Parents with gender-fluid kids often work with schools, churches, and other institutions to use alternatives to gender for organizing kids in the classroom. Rather than dividing kids by boys and girls, use birth months or sneakers vs. sandals, or some other arbitrary distinction or characteristic. Sometimes schools are willing (and even grateful for the tip, which had often never occurred to well-meaning teachers to be problematic). Other times, schools are really uncomfortable with any implied ambiguity of gender. The same feelings are expressed that commenters here often report feeling:
*Why do you have to make such a big deal about it – are you just trying to attract attention, or letting your kid attract attention to him/herself? *Is this spoiling – no one student should get to throw a wrench in the cogs of the school day for everyone else. *Aren’t kids this age too young to even be thinking about their gender, let alone changing it? *If they are actually transgender then they should be accommodated but if it’s just a boy who wants to wear dresses or a girl who wants short hair and a tie, then they should just go with the flow.
Of course, the irony here for us parents is that we are trying to let our kids figure out who they are without pushing them falsely or prematurely into decisions about being transgender. It’s precisely their presence in a liminal space between clearly defined end points that creates discomfort. And we are trying to help keep our kids from standing out like a sore thumb. By and large, our boys and girls would like to stand out because of their excellent dance, drawing, or sports skills rather than because they look different.
Most of the time the other kids in my son’s first grade class or Sunday School group probably don’t even think about whether he’s a boy or a girl. So why draw their attention to it — an opportunity to remind them that, hey yeah, he is that boy with the really long hair who wears pink. So I was interested to read about a study recently that highlights other problems caused by drawing attention to gender in the classroom. When Teachers Highlight Gender, Kids Pick Up Stereotypes describes a study that showed kids adopt more gender stereotypes when teachers lined kids up by gender — or even said, “Good morning, boys and girls!” While that might seem surprising at first, psychologist Lynn Liben, who conducted the study, points out, “”You would never say ‘good morning black children and white children,’ or have white and black kids line up separately.” (Here’s a blog post from a female engineer talking about how those gender stereotypes have tracked her from childhood.)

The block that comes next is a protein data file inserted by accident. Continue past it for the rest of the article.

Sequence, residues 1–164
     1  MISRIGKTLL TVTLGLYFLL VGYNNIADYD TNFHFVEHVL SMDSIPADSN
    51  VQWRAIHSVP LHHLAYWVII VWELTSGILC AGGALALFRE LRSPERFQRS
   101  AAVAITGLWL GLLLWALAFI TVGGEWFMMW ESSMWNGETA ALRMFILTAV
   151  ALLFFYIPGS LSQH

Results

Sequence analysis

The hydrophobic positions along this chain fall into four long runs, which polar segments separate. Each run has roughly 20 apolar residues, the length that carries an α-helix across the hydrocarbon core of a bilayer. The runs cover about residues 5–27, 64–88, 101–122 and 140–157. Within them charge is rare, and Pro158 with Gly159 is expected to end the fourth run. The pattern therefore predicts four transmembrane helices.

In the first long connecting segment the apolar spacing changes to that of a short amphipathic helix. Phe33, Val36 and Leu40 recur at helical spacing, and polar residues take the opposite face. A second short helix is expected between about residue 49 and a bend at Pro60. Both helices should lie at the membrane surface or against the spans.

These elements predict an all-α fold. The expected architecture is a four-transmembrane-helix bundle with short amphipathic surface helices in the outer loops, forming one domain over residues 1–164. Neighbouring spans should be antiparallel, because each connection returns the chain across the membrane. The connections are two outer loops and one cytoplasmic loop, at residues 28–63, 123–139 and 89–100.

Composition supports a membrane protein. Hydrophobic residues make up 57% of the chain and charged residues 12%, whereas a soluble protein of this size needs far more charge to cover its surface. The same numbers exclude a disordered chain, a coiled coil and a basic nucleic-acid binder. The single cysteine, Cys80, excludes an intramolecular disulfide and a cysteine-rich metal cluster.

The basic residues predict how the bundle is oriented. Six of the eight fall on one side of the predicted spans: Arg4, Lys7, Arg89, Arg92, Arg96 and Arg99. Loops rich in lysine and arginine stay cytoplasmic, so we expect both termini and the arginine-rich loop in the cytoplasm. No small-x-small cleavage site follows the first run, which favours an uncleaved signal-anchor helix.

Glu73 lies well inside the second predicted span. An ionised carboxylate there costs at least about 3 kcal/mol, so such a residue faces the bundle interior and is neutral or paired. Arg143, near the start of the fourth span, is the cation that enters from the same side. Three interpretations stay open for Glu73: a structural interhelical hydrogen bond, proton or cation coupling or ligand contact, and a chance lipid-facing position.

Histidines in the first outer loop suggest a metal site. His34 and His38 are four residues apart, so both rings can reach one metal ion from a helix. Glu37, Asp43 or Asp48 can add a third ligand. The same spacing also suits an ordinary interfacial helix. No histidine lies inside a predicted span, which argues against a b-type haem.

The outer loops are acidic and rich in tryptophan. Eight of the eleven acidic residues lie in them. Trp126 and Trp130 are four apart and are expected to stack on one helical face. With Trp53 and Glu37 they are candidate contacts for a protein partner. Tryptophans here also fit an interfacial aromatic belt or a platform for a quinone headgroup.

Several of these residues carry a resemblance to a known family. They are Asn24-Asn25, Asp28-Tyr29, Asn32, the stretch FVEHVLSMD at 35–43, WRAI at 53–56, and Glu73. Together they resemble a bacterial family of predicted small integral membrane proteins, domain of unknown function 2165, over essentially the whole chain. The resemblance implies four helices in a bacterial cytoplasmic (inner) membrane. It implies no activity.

Liben (a professor at Penn State) is also a co-author of the 2008 textbook, Gender Development. “The book’s primary focus is on gender role behaviors – how they develop and the roles biological and experiential factors play in their development.” This might have to go on my wish-list!
- Council may bar school kids from lining up by their sex.
- Boys and girls together: Improving gender relationships in schools.
- Consciously Parenting Facebook page